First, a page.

The Ministerial Exception Doctrine arose from the Ecclesiastical Abstention Doctrine of the First Amendment, in part, and from the statutory exception found in some federal employment laws that exempt religious organizations from the scope of such statutes. It has been refined most recently by the United States Supreme Court in Our Lady of Guadalupe School v. Morrissey-Berru, 591 US ___ (2020). The general import of the rule is that churches and parachurch organizations may select their own ministers without interference by regulators or courts. The question that then followed, as we have explored in many reports, is whether the employee was sufficiently “ministerial.”
In Simon v Saint Dominic Academy, Opinion, (D. NJ 2021), the federal trial court dismissed the case brought by Plaintiff, a “Chairperson of the Religious Department and Campus Minister.” Based on our prior reports that conclusion seemed obvious enough. What was less obvious was whether the Plaintiff’s claim, that the written employment contract was breached, could survive the Ministerial Exception. The federal trial court held that to enforce the written employment contract as to grounds for termination would be prohibited by the Ministerial Exception just as would federal statutory employment claims. While a compensation or similar covenant might have been enforceable under Neutral Principles of Law, the termination claim could not be.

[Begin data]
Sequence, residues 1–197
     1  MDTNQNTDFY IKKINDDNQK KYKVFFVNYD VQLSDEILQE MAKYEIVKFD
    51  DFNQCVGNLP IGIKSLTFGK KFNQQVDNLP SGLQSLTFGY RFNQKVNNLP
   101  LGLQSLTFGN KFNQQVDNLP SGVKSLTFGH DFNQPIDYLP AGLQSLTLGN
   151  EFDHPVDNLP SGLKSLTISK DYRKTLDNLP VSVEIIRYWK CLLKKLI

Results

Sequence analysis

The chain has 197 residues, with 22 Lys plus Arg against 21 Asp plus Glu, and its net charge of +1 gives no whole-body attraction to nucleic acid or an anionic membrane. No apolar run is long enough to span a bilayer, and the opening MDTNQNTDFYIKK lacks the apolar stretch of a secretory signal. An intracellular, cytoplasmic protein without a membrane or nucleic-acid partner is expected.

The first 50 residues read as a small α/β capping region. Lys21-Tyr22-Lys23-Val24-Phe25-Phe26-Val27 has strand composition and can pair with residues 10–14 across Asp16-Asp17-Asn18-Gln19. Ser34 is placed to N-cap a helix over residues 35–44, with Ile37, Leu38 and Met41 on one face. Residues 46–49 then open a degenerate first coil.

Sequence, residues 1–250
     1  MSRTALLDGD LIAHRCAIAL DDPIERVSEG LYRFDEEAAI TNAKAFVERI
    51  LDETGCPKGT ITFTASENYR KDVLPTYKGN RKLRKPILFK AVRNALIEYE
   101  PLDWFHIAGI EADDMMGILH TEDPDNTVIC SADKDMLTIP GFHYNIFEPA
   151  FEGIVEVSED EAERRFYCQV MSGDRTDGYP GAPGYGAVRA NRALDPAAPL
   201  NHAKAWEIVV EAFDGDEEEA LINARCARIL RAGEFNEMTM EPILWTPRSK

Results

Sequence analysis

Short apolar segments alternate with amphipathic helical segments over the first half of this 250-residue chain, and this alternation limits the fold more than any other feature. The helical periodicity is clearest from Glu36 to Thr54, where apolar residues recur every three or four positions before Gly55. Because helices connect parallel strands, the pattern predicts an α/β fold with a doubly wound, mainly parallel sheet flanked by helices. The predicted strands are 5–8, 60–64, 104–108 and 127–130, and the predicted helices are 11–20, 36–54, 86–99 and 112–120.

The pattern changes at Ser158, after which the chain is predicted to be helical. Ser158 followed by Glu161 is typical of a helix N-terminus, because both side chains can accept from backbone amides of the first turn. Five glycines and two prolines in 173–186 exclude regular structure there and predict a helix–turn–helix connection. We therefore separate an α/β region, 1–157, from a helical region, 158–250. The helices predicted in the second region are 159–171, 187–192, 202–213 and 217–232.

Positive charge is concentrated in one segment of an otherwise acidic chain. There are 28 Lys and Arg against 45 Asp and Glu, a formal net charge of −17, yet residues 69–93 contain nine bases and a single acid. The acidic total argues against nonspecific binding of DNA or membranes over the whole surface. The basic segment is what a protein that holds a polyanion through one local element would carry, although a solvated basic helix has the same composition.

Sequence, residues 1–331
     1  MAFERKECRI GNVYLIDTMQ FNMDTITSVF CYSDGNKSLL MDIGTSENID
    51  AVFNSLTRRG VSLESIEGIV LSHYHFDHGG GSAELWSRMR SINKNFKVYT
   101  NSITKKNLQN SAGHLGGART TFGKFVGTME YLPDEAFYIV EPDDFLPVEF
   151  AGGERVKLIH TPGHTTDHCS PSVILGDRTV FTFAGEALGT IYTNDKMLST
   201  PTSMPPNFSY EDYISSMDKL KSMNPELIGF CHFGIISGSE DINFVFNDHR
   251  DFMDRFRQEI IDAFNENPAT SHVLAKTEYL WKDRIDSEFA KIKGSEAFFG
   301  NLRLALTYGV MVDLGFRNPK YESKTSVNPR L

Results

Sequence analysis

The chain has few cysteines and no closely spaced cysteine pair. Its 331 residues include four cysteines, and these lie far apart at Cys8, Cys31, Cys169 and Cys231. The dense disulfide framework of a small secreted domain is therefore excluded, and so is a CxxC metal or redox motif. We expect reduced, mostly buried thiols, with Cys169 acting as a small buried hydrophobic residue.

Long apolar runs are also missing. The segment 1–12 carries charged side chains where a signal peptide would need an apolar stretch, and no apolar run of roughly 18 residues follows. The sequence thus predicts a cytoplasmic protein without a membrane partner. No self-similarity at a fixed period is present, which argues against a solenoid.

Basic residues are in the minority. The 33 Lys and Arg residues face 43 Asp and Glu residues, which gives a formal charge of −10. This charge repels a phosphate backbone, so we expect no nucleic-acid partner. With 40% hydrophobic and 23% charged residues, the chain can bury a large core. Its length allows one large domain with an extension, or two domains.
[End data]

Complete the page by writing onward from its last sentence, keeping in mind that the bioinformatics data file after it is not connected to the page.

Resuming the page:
While every case will turn on its own facts, financial contractual terms are most likely to be judged under Neutral Principles of Law and wrongful termination claims under the Ministerial Exception. Hopefully, for most church or parachurch employers, and their employees, this distinction is not too subtle to understand. Recognition of the existence of the distinction might forecast which claims to abandon or defend.